|Former top pro, Mitch Williams, who retired after a career-ending shoulder injury during the 2010 US Open, married Jesi (Fuller) Williams in Hawaii last month. Also on the island for the big event, #3 ranked IRT-ranked pro, Ben Croft and his girlfriend, Sarah Spinks celebrated by getting engaged, too!|
|Legendary 6-time World Champion, Cliff Swain posed with his wife, Tracy and son, Liam Clifford after their July 17th on Lanikai Beach on the island of Oahu in Hawaii.|
|Also joining the Swains for the event (left to right) retired pros Josh Tucker and Shawn Royster (also of Royster Productions, which films professional racquetball) and former top-four pro Gerry Price, who served as minister and master of ceremonies. Congrats to the happy couples as they start this new phase of life together!|
Major League baseball teams can pick from the minors, but amateur hitters are more than field of dreams away from playing the top stars. Not so in racquetball. In addition to full schedule of Grand Slam and Tier 1 tournaments, which are professional tournaments where competitors have to win their way into the pro draw, the IRT offers an expanding schedule of Satellite Tour Stops, which provide an entry point to a higher level of competition, community, and energy for players, fans, and host clubs.
For those ready to test their skills against some of the best in the business, battling for purses reaching up to $15,000 in total prize money, these tournaments feature up to four top-8 players depending on the tier level, 2-5. The chance to earn a higher position in a Tier 1 or Grand Slam qualifying pro draw also sends competitors to the courts. Kim Roy, Event Director and Consultant, has been involved with Satellite and Tier 1 tournaments across the United States. “In Florida, the Satellite events earn players valuable ranking points for the upcoming Tier 1’s.”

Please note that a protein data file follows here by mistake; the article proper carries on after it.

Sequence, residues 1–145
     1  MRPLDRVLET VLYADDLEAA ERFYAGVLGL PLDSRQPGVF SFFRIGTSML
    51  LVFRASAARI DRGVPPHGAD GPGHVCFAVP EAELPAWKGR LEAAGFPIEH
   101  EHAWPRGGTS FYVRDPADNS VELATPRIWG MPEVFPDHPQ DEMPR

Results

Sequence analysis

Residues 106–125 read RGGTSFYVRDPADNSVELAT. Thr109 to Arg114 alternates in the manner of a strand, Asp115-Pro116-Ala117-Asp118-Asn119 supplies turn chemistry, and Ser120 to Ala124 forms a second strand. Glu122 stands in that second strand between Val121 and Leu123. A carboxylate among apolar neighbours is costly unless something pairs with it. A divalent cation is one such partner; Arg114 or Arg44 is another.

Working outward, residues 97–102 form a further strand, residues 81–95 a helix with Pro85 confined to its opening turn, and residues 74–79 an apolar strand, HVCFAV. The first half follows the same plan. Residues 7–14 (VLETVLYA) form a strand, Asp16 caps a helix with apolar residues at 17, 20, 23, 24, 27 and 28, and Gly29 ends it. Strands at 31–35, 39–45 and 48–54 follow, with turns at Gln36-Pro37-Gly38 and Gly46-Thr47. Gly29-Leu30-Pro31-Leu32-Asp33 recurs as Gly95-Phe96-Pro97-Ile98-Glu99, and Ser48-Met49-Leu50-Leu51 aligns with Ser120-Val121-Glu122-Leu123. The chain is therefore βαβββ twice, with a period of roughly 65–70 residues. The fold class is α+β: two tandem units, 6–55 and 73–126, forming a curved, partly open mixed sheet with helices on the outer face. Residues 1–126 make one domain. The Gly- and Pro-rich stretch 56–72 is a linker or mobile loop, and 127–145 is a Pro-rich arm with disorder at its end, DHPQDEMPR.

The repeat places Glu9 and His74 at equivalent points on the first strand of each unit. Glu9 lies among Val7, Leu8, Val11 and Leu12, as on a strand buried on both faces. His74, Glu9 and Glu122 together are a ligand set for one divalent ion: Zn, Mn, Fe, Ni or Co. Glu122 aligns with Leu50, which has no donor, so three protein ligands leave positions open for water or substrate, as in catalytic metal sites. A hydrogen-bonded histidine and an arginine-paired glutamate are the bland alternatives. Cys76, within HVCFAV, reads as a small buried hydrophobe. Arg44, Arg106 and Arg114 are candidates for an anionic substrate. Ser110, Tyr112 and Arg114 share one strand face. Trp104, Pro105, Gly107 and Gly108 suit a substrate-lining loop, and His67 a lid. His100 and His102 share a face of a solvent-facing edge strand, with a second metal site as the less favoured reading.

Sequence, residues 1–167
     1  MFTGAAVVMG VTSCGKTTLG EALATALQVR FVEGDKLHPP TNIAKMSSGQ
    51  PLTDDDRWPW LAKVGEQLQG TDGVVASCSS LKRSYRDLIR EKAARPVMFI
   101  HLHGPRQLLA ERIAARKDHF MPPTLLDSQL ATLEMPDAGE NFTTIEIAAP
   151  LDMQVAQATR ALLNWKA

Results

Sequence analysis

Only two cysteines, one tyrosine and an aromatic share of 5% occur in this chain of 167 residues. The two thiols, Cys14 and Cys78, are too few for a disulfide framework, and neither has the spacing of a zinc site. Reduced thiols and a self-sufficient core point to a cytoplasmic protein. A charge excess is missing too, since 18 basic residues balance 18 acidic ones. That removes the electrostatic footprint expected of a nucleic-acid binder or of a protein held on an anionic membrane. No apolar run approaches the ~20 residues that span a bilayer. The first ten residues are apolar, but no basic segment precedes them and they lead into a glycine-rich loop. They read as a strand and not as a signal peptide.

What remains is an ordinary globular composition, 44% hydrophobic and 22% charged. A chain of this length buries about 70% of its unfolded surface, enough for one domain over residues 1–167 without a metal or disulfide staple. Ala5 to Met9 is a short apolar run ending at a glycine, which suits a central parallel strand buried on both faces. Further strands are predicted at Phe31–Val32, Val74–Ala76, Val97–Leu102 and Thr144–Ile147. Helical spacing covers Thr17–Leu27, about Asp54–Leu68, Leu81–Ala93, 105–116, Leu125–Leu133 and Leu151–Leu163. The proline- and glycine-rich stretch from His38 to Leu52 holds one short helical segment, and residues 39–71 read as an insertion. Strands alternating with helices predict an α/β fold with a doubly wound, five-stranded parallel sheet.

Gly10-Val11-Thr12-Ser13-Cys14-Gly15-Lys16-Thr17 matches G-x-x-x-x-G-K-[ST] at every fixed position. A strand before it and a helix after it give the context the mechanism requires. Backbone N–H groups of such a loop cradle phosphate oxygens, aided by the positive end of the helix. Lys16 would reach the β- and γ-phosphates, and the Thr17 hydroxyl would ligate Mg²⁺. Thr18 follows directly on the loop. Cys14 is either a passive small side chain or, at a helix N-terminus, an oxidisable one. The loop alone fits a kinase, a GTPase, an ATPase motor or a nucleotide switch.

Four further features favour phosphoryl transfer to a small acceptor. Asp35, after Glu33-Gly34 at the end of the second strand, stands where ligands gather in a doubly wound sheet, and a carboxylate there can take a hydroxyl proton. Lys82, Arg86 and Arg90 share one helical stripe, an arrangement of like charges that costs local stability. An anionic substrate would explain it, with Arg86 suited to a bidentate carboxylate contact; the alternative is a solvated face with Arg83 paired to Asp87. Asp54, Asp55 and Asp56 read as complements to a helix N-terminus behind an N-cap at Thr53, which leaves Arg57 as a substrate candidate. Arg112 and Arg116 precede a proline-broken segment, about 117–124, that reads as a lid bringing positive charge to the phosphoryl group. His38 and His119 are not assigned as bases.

Yet, it’s not just the challengers who can win. Clubs featuring IRT events enjoy more people on the courts and in the stands. Health and Fitness Director, Stacy Crase, has seen racquetball participation triple in the five years she’s been running programs at the Garden City Family YMCA in Kansas. “Every tournament gets bigger. Now, I get players from different states, more people are getting involved, and kids along with adults are picking up the sport.”
Increased participation in racquetball events tightens the community within a club, helping it to retain and add members. Crase appreciates this community of recreational and pro players. “When I first started, I didn’t know the people or even where to begin. Now the players meet to help out every time, have my back, and help keep it all going.”
She can also count on top ranked pros, like Shane Vanderson and Ben Croft, and retired professionals Mitch Williams and Jason Thoerner who “just come,” according to Crase. “It meant a lot to hear Croft announce that ‘we’re a racquetball family’ because it’s true, people just care.”
The IRT also is ready to assist, too, as Adam Karp, Vice President of Event Development consults with state associations and governing bodies in order to schedule IRT events in conjunction with the national and state calendar in order to resolve any issues resulting from conflicting partnerships. Once an event is planned, Karp works with Event Directors to provide promotional material, discounted products like tee shirts and court stickers, and even free merchandise to help make events a success beyond the final match.
Long after the pop of rubber balls goes silent, an event champion collects his check, and the stands clear, the energy continues to reverberate throughout the club. No matter who wins or loses, the pros’ and local players’ diving gets, ace serves, and did-you-see-that shots are rehashed and relished in conversations outside the courts and around the club for months and years to come.